Define Interesting

Richard Scarry Busytown

Life in urban suburbia is all amped up.

Working, parenting, schlepping, socializing, shopping, exercising, creating, competing, volunteering, networking, hiring, reinventing, and renovating; we residents don’t quit.  At any given moment, look above the head of the person in the crosswalk or the parent at school drop off and you’ll see a swirling cloud of thoughts polluting the air.

From nannies and nursery schools, tennis and travel teams, hot yoga and country clubs, the café with the best salad and the coffee house with the best scene to dinner parties and day camp, cliques and careers, book clubs and PTAs, local arts and big city connections, even casual conversation at the playground feels wired and burdened by the need for it to be about something.

I liken this way of life to Richard Scary’s, What Do People Do All Day? Just slap some riding boots on Lowly worm, switch out Mr. Frumble’s bananamobile for a luxury SUV, and squeeze Mommy Cat into a pair of Lululemons , and you have it; the Urb-Burb version of Busytown.

Where everybody is looking good; doing something; being interesting.

So when some Urb-Burb families take a vacation, the getaway destination becomes increasingly attractive if the activities and environment is simplified, back to basic, and dare I say, normal.

One day, I was chatting with a couple from the community about summer family vacations. They were gushing about a country retreat that they and their children take every year.

I grew up in the country and my husband likes anything rural, so I was excited to learn more. “What’s it like?” I asked.

“It’s a great place to visit,” the wife explained. “Nothing too fancy, very low key, with activities for everyone. Plus the same families try and go back the same week each summer, so you really get to know people.” Then with her face as serious as stone she said it, “Interesting people, too.”

“Interesting people? What the hell does that mean?” I thought.

This wasn’t the first time I’d heard the term, Interesting People used as a qualifier. Tongue tied, I didn’t ask what she meant. Instead, I cocked my head and gave a standard Urb-Burb response, “Aah, is that right?”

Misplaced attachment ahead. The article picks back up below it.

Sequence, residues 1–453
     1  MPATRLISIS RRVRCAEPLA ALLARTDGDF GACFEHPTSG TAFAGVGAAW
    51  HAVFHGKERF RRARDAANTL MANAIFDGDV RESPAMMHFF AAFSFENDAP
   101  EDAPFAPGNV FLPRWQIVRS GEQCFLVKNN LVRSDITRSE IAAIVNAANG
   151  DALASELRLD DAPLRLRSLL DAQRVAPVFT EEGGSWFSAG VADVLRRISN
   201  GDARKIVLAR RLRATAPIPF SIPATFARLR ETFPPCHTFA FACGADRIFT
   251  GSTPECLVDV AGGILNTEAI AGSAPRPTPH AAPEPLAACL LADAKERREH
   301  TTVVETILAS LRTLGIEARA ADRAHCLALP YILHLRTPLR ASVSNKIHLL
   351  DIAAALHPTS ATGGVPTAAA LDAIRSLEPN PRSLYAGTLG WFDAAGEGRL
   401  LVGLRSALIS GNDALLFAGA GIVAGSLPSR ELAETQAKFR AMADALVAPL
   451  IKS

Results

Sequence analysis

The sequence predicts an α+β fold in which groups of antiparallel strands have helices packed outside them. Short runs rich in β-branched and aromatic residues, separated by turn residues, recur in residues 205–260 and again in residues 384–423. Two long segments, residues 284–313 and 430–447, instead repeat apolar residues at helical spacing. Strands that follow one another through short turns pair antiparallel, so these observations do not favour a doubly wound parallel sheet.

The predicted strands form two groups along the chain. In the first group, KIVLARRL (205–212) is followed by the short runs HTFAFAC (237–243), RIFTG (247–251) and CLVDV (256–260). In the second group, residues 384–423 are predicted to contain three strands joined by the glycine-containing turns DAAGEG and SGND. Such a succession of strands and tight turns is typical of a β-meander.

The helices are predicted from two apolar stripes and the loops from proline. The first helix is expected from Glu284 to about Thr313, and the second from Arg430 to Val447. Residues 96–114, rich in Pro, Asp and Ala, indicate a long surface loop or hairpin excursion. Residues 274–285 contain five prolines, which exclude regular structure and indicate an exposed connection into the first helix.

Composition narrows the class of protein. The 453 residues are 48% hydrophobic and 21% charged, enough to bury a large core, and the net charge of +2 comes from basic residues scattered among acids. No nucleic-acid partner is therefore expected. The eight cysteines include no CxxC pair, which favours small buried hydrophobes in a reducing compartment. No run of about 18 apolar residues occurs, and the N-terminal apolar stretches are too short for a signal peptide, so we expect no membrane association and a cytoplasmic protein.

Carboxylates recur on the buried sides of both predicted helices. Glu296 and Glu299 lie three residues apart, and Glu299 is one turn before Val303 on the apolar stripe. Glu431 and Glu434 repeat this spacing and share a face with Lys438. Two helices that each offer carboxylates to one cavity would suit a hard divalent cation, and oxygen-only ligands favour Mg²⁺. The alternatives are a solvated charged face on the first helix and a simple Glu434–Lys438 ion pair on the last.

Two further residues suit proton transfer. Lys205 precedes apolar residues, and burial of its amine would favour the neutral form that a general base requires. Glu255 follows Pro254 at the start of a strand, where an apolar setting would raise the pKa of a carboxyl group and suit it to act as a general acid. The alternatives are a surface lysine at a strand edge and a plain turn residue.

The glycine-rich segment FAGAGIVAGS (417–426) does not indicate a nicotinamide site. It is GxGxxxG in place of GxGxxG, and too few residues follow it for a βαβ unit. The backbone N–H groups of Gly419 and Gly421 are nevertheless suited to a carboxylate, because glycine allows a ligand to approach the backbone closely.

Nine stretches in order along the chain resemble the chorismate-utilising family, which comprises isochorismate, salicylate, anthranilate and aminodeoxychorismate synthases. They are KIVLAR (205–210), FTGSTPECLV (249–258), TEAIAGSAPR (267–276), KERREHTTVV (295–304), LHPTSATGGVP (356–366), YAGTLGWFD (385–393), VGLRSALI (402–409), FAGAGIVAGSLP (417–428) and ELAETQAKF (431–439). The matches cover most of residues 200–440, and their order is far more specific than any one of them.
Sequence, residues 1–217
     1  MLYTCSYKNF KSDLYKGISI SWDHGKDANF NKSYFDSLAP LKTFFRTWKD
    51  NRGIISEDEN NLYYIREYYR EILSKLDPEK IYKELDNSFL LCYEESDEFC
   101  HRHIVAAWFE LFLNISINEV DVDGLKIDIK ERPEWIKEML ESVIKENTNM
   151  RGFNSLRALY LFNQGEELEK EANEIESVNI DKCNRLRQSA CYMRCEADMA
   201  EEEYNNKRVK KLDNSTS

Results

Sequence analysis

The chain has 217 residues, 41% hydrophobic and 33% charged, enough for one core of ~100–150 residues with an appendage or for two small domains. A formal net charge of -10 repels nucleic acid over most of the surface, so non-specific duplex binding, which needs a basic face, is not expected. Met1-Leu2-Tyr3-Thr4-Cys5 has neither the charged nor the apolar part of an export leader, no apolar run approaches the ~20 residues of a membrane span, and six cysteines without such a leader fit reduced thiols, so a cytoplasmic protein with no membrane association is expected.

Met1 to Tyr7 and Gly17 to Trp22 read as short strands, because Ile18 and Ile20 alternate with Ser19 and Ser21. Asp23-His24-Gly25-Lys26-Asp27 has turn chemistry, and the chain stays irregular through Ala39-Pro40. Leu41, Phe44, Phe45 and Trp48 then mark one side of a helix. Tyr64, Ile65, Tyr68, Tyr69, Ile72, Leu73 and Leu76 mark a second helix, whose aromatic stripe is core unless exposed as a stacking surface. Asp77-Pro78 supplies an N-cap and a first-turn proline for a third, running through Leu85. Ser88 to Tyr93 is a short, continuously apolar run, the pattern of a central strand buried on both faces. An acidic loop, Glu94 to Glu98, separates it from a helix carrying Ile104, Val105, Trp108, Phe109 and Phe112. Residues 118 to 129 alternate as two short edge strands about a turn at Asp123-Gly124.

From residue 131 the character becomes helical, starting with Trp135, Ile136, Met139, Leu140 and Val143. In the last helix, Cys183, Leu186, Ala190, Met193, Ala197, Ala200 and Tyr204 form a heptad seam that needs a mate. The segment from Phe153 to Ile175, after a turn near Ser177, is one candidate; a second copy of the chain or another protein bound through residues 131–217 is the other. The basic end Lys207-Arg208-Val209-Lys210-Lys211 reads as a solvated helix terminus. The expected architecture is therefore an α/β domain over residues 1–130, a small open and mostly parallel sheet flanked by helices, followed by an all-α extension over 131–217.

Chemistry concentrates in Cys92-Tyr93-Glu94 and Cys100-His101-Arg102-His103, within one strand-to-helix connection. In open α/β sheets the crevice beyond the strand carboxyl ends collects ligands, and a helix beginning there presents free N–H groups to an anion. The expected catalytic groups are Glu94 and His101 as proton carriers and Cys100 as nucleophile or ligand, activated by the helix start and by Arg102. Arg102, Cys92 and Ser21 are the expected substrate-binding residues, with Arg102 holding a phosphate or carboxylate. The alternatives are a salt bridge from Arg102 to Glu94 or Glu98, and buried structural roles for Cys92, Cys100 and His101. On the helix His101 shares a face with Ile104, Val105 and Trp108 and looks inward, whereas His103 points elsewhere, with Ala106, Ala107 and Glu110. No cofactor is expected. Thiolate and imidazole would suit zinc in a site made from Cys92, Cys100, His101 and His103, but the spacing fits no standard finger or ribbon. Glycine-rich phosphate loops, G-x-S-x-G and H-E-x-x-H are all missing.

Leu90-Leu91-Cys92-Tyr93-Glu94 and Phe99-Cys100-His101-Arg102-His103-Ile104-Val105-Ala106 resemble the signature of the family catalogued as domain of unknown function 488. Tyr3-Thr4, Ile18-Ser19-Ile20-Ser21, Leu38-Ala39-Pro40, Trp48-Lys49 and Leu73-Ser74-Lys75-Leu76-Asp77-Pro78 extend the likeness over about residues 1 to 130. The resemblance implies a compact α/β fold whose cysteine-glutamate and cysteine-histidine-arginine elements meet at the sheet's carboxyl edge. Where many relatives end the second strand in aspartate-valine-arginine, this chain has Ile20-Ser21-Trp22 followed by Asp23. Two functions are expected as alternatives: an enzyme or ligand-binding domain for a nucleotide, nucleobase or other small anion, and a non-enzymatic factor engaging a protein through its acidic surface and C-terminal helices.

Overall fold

Let’s define interesting. What attracts you to a person that makes you want to learn more?

Is it financial success, formal education, knowledge of the arts, volunteer efforts, travel experience, fashion style, dedication to the environment, fitness regime, family background, social prowess, or whatever the local majority decides?

If so, then we’re too caught up in our busy towns, swirling clouds, and skinny jeans to realize that we are missing the mark.

Interesting is found on the inside. It is goodness, generosity of spirit, integrity, courage, decency, positive intention, and kindness. And our communities, Urb-Burb or otherwise are teeming with people just like this.

Unfortunately, interesting is not always easy to see. It requires us to go below the surface, strip away insecurities, dial it down, stop trying so hard, extinguish formalities, examine priorities and perceptions, reach out, branch out, and be inclusive.

And that’s scary.

With October on the horizon, it is safe to say that we are back to the usual routine and are out and about in the community. So the next time you’re waiting to cross the street, buying time at the swings, or kicking back at that café try taking a page out of a preschool handbook.

Stop. Look. Listen. And then talk to someone.

Perhaps then we’ll begin to appreciate that everyone is interesting.

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6 thoughts on “Define Interesting

  1. Pingback: 8 Steps to Taking Rejection | Red Said What?

  2. I really like this post. We just moved out of a home in an area just like this. I couldn’t take it anymore and I certainly didn’t like my son growing up with friends being schooled into this sort of thinking. Inside – out…..that’s the only way to teach, the only way to be, and the only way to live!

    Like

  3. Pingback: The Hovel | Red Said What?

  4. What you say is true — this is a very well-written and thought-provoking piece. Not being from urb or burb, I had a lot to learn and experience in my newfound urb-burb world. And that in and of itself was interesting for a while. But growing and moving on I realized that the truly “interesting people” were those who looked inward for validation rather than outward….and that has made all the difference.

    Like

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